Rajon Rondo belongs to a crop of players who have been labeled with a certain stigma — one of ego, arrogance, and an unwillingness to cooperate with higher basketball authority. Rondo’s stint with the Dallas Mavericks put an onus on that stigma before he turned in a league-leading assist season with the Sacramento Kings.
When the Chicago Bulls acquired Rajon Rondo this summer, it was strange, but not exactly shocking given the team needed a new point guard after dealing away Derrick Rose. Signing Rondo in free agency was a cheap way to salvage some competitiveness.
It was adding Dwyane Wade that made this team more fascinating, but even more difficult to visualize.
Rondo’s blend with the likes of Dwyane Wade and Jimmy Butler is perceived as a dilemma on the surface. Head coach Fred Hoiberg has a challenge in that his three best players aren’t going to space the floor with outside shooting.
Despite that dynamic, Hoiberg has faith in Rondo to be successful in his system (via Vincent Goodwill of CSN Chicago):
“The biggest thing is we have multiple playmakers now, we have guys who can get in and break down the defense,” Hoiberg said. “That’s the most important thing to have on an NBA roster is multiple ball handlers, multiple playmakers. Bigs who are gonna set screens and put pressure on the rim.”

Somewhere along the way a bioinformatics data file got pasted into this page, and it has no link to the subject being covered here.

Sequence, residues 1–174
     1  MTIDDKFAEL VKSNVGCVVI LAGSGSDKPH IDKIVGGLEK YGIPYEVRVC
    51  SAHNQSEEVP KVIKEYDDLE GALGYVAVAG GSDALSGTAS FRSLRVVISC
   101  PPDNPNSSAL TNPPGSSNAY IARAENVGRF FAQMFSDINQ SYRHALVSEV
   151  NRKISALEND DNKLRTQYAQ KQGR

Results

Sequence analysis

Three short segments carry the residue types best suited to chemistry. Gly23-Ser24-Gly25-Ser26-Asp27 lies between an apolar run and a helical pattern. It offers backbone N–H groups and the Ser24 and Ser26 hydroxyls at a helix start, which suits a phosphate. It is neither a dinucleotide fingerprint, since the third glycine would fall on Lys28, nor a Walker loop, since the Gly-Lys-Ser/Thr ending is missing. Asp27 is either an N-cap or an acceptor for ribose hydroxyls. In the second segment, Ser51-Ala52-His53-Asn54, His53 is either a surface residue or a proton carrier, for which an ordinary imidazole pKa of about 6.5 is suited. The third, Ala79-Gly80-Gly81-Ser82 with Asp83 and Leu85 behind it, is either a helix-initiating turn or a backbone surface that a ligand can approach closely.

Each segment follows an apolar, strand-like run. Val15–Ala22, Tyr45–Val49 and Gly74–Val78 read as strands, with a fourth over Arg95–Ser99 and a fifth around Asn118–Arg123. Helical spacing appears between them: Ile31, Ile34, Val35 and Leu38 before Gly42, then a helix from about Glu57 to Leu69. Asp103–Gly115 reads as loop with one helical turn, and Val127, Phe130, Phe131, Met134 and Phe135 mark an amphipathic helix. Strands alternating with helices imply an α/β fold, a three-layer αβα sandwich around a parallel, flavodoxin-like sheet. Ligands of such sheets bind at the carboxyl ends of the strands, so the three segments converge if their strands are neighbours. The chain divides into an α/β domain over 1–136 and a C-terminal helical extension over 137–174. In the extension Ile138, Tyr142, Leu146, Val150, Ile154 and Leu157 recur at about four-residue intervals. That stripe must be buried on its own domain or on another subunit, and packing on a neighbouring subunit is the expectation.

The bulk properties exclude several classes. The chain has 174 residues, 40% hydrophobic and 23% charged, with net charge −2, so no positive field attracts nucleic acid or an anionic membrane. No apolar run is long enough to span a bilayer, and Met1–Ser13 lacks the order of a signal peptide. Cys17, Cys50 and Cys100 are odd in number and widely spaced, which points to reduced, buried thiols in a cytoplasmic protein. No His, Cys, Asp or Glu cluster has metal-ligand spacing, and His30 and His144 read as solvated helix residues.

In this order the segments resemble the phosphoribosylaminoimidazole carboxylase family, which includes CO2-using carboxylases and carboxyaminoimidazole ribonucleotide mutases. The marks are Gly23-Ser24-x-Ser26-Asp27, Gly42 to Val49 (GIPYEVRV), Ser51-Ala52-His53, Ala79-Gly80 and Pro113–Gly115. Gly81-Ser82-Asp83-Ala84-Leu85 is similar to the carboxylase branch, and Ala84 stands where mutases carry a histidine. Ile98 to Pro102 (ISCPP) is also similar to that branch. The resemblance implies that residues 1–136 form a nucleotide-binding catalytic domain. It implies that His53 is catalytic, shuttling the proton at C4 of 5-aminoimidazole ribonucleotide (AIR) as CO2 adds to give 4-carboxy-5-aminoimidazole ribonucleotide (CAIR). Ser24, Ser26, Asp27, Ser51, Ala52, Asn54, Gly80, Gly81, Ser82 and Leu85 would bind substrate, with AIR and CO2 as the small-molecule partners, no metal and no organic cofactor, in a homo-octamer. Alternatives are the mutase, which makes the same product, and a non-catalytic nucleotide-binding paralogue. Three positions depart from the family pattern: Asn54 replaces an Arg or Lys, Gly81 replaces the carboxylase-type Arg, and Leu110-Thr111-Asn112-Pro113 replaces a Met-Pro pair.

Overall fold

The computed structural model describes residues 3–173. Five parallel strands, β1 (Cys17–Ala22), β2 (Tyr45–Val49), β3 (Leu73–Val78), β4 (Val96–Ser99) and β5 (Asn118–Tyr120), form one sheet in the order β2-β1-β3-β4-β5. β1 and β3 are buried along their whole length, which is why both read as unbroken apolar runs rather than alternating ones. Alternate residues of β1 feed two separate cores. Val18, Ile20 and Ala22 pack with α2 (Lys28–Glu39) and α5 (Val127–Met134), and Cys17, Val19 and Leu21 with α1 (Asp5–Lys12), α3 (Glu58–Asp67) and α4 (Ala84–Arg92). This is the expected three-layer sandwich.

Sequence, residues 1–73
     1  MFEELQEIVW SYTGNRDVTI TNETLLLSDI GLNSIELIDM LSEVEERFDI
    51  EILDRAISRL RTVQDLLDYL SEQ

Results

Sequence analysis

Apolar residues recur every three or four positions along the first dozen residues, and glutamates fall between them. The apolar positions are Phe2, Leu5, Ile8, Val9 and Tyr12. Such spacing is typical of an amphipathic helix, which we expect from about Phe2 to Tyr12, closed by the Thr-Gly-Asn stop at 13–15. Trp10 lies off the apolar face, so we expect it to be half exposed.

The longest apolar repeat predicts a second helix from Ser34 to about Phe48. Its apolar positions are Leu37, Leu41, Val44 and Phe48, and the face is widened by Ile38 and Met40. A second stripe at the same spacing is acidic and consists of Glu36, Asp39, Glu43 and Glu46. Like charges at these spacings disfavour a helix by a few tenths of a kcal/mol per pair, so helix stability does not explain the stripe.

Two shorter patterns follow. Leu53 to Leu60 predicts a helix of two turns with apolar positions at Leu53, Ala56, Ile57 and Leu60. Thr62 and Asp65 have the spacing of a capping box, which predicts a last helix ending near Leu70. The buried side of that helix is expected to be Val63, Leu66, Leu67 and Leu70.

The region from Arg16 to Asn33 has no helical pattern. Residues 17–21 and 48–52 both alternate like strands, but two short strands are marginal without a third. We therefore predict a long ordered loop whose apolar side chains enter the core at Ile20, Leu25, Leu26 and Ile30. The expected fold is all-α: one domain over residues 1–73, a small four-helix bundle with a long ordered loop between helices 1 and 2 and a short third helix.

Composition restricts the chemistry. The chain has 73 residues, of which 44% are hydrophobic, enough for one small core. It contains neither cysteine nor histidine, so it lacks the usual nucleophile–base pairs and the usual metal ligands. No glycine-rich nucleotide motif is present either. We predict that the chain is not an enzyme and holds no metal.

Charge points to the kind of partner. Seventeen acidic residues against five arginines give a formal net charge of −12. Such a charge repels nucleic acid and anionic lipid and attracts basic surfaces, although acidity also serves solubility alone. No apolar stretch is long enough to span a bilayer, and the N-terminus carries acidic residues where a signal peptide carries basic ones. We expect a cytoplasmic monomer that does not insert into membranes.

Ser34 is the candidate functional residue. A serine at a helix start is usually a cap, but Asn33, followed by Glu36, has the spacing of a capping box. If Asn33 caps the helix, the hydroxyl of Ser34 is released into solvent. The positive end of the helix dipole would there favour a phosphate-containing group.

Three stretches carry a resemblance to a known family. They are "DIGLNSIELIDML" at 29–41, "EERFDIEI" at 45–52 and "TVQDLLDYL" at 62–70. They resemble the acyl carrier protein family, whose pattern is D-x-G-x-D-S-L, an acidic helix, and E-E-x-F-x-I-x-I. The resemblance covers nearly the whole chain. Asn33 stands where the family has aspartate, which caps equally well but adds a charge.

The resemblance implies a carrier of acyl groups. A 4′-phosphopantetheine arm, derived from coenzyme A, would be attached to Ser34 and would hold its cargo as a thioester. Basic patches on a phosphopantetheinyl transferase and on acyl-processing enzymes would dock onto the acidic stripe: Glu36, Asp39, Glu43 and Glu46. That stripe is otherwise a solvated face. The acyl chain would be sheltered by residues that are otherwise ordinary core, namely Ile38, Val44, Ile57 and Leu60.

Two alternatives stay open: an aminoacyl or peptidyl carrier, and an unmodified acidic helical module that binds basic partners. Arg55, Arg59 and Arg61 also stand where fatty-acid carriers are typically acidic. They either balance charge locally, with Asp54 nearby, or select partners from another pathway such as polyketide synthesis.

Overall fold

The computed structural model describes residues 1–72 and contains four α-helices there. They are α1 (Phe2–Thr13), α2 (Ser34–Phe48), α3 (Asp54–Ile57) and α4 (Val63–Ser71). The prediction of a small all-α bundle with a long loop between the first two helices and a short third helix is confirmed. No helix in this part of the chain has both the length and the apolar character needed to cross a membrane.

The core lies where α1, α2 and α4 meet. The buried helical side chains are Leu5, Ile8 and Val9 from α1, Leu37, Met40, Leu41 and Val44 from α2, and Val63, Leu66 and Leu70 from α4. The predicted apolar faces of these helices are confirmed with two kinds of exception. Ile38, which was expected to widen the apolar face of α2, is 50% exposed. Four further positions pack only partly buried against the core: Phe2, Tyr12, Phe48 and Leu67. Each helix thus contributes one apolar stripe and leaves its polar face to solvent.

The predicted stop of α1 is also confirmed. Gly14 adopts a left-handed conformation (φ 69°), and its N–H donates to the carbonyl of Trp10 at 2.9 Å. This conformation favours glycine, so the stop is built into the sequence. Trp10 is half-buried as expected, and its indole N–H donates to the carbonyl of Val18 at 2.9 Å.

“Rondo is a point guard who I think will thrive in the system we like to run and then to get Dwyane, we didn’t have to give up any of the young pieces in the process,” Hoiberg said. “We’re able to stay competitive with players with championship experience. To pair those two guys with Jimmy Butler, it’ll be a dynamic and exciting backcourt.”
Hoiberg’s style is a switch from what the Bulls experienced with Tom Thibodeau in seasons past. Hoiberg more so fits the bill of the modern offensive NBA trend of pace, outside shooting, ball movement, and positional versatility. Derrick Rose wasn’t seen as the ideal model for a point guard in Hoiberg’s system, one who can shoot the three ball consistently.
Rajon Rondo is even less of a fit in that regard. Regardless, Hoiberg is clinging to something that is of equal value when it comes to Rondo — playmaking.
Rondo is going to make things happen on the floor, in any system. Now he’s playing with two star wing talents and some potent young weapons. Hoiberg has every reason to feel comfortable handing Rondo the keys to the offense as floor general, because that’s the best way for Rondo to make good on his prediction and thrive.